On the other side of the coin, I was created to receive from my husband. If I continued to be the 'independent' woman, who can (apparently) manage very nicely with minimal input, then I'm also not doing what G-d created me for. Something very important is 'missing' in my marriage, despite how good it is, in so many ways.
 
And the truth is, I've been feeling that 'lack' for years.
 
In our 'modern' world, everything is so messed up. There are so many women, like me, who are being educated to submerge our femininity, and our 'softness' and our 'neediness', to act like hard men, and there are so many men who are being emasculated, and made to feel like small boys who can't do anything right.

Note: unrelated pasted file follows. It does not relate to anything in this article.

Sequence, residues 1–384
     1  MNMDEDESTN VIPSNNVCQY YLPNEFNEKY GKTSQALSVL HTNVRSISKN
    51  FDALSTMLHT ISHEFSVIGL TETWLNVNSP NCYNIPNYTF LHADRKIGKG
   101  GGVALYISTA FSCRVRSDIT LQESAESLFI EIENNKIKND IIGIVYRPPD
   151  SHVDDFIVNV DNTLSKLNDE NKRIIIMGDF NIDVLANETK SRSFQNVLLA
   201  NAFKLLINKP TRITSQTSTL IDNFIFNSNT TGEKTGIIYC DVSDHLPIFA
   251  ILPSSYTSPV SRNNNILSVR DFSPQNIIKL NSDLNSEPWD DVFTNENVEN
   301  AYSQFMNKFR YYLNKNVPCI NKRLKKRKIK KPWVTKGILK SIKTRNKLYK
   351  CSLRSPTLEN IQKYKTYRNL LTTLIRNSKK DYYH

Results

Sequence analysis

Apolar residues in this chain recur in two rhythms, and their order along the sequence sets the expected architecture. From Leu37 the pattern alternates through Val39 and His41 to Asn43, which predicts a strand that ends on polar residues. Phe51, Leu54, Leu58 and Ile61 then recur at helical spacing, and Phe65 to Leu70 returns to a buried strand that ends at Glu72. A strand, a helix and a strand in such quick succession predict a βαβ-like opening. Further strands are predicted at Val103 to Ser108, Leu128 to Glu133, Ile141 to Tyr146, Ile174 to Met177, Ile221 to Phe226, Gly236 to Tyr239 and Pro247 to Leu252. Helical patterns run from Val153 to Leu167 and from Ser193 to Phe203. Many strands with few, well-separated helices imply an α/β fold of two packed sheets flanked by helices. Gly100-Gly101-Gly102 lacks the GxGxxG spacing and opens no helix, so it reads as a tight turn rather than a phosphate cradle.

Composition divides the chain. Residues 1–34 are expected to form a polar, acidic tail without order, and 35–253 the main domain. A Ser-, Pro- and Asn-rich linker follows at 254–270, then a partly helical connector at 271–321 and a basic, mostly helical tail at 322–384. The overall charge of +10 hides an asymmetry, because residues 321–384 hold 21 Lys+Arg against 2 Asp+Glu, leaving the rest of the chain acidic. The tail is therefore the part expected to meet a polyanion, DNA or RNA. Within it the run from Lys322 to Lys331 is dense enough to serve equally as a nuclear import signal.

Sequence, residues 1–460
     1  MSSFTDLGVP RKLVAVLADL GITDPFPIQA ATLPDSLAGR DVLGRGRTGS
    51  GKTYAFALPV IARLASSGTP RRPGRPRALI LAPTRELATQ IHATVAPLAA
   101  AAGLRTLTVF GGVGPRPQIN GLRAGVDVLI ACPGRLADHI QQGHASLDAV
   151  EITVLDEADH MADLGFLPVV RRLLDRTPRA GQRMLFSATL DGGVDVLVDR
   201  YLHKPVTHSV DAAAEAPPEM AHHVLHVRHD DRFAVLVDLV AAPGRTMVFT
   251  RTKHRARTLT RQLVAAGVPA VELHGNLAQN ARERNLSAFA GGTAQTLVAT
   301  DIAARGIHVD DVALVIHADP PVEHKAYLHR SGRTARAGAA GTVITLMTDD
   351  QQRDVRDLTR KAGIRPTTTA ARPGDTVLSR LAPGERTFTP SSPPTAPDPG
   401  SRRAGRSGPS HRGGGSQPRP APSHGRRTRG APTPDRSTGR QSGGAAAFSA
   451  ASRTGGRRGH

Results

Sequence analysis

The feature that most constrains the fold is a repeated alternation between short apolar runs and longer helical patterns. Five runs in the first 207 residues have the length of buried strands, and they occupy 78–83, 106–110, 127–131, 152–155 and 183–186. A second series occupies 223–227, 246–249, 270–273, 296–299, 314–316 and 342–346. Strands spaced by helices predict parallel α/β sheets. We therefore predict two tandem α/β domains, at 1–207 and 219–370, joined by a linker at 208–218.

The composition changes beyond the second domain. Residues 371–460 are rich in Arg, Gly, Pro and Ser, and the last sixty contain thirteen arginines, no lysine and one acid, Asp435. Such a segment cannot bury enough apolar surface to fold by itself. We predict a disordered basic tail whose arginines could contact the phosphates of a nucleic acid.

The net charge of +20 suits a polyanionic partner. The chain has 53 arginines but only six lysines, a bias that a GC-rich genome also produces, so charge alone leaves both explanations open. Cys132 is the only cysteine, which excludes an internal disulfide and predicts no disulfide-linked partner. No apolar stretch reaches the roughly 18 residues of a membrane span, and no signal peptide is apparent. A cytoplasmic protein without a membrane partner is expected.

The main reason why so many marriages are failing, or struggling, in our times is because we've forgotten what we're meant to be doing in our relationships: the man is meant to give, and the woman is meant to receive.
 
This formula for marriage works; it grows love; it creates family units that are stable, happy and holy; it helps children to grow up spiritually and physically healthy, in the most optimal conditions possible for them to succeed in their own lives, and their own marriages.
 
Thank G-d for Rav Arush, who is teaching us how we're meant to be doing all this stuff properly. Without his guidance, I would still be trying to prove my worth in the marriage by out-earning my husband, instead of showing him how much I appreciate the money he gives me to spend every day.
 
So it's official: from this day on, I'm trying to go into 'receivership' - and I know it will be the best investment I could make in my marriage.
 
 
* * *
Check out Rivka Levy's new book The Happy Workshop based on the teachings of Rabbi Shalom Arush